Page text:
Sunshine movie posterI recently had a chance to sit through the entirety of Sunshine, the Danny Boyle movie about a team of astronauts taking a nuclear payload to try to re-ignite a dying Sun.  And when it was over, I immediately thought of Bong Joon-ho’s movie Snowpiercer—not just because both movies happened to have Chris Evans in them—but because they are very similar, even with their very opposite settings.

The opposites are quite obvious: While Snowpiercer takes place on Earth, Sunshine takes place within close orbit of the Sun; in Snowpiercer, everything around them is dangerously cold, while in Sunshine, the heat and energy of the Sun is the chief natural threat.  And while Snowpiercer takes place aboard a train with hundreds of people aboard, Sunshine‘s crew of the Icarus II totals eight.

But it’s in the similarities that things get interesting. (Spoilers follow… these movies have been around long enough now.) Continue reading

Star Trek: Federation


Star Trek: Federation logoI was just recently introduced to a concept for a Star Trek TV series, conceived of about ten years ago to pitch to Paramount/CBS.  It has re-entered the news recently since Star Trek is rapidly coming up on its 50th anniversary, and so many people would like to see a new Trek TV series on the air when the date hits.

Alas, this idea was never actually pitched to Paramount/CBS, as JJ Abrams came along and made his new movie, which did well enough that Paramount put aside the idea of creating a new TV show for the foreseeable future.  Recent rumors, largely circulated by Latino Review, that this series idea was actually in development, apparently have no basis in fact.

And it’s a shame, because Star Trek: Federation, while maybe not being a perfectly fleshed out proposal, nonetheless has some great ideas for a new Trek series. Continue reading

#Bring the Future


The worst thing we can do is turn away the Future because it is uncomfortable. We need to look the uncomfortable parts of the Future right in the eyes. How else will we make it better?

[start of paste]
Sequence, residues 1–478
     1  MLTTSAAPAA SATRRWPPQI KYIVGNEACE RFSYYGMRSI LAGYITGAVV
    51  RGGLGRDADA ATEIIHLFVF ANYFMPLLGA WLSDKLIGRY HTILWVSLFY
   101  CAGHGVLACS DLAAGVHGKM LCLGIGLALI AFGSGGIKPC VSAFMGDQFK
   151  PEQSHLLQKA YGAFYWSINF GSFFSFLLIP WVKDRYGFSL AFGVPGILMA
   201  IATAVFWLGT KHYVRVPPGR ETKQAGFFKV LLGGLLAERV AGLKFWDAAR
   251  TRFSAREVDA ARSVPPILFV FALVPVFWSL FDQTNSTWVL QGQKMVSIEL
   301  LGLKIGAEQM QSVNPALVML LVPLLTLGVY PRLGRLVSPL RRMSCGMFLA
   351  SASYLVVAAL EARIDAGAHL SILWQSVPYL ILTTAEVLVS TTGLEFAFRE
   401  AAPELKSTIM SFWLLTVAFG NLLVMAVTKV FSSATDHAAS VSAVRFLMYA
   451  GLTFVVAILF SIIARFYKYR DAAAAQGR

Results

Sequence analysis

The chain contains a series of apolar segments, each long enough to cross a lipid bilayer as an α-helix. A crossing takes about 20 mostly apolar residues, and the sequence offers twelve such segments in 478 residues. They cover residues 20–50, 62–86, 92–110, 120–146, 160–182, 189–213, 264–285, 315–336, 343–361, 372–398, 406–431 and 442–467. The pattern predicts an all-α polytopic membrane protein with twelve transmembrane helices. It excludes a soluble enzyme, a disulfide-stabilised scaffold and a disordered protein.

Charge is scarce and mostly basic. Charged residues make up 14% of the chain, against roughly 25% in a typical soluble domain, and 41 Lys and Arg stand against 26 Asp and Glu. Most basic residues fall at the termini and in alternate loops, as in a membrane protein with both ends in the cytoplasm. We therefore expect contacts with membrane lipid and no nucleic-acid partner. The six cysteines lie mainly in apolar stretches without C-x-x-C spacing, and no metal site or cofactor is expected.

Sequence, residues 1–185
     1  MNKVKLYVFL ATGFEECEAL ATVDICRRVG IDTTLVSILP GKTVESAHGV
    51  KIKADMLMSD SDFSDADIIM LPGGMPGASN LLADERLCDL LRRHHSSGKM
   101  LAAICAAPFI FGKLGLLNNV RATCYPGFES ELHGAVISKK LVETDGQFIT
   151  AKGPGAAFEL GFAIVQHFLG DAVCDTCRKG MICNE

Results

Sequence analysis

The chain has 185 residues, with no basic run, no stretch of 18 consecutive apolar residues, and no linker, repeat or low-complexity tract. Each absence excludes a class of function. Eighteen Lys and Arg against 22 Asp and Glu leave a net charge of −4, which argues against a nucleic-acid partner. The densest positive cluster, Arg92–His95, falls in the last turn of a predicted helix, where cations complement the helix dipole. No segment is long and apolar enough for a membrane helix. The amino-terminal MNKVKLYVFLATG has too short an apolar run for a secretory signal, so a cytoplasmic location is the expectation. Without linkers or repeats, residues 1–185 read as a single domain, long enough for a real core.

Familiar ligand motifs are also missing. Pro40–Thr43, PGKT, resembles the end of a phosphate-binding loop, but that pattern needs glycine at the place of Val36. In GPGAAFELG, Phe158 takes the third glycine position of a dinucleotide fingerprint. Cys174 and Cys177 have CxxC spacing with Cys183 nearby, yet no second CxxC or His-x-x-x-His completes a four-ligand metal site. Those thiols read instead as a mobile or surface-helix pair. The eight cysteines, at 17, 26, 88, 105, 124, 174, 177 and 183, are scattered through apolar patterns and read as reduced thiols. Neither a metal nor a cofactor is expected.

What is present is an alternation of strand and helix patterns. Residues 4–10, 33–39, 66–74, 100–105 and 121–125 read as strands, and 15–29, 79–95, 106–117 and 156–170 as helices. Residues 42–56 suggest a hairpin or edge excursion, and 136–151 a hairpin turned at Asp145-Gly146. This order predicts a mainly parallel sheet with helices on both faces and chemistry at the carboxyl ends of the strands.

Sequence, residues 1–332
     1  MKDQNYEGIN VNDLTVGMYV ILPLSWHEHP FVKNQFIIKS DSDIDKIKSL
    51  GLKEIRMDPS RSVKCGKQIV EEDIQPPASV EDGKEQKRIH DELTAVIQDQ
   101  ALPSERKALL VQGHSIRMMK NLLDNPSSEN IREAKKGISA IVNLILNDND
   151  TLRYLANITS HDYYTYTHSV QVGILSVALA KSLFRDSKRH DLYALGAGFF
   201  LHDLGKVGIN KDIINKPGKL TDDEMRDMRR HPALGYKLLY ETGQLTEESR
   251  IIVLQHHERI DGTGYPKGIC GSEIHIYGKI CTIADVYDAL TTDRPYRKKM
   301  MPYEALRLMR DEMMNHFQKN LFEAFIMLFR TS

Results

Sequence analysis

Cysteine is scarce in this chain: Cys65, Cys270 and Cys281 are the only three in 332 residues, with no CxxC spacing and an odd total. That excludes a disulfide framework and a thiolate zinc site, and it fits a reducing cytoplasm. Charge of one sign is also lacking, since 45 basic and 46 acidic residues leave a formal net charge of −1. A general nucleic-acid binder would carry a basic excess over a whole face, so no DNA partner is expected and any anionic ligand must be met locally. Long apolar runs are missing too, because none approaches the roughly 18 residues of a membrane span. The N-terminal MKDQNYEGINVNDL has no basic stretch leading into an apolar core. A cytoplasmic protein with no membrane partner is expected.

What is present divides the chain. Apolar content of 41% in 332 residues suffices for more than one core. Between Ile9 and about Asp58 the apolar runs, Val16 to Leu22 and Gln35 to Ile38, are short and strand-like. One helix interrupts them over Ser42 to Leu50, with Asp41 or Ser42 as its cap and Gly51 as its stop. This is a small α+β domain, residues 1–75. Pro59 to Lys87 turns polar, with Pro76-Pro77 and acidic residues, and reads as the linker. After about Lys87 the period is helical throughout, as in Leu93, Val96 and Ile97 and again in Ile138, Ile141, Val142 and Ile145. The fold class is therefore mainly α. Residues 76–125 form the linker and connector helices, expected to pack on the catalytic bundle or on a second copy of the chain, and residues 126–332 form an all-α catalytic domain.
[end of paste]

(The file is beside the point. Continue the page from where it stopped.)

Parts of the Future will be uncomfortable. Only accepting and directly addressing that will lessen discomfort. We can no longer afford to hold the Future at bay.


Humans as AI’s pets? …Okay.


“Like people including Stephen Hawking and Elon Musk have predicted, I agree that the future is scary and very bad for people. If we build these devices to take care of everything for us, eventually they’ll think faster than us and they’ll get rid of the slow humans to run companies more efficiently.”

Steve WozniakSo spoke Apple co-founder Steve Wozniak in an interview with the Australian Financial Review. And he’s not alone.  It seems everyone from renowned scientists to prominent science fiction authors to SF moviemakers all believe that the “robopocalypse” is nigh, and it spells doom for the human race.  Though maybe it’s significant that we haven’t heard the same from programmers or psychologists over the years… because, so far, no one has managed to come up with a compelling reason why AI would want (or even need) to take over the world… as I’ve said myself in the past.

Regardless, I’d like to address the other half of that comment for the moment: The idea that humans, once the AIs take over, would subjugate us or just plain wipe us out.  Wozniak himself described humans post-robopocalypse as the “pets” of computers… and implied that that was a bad thing.  I strongly challenge that idea. Continue reading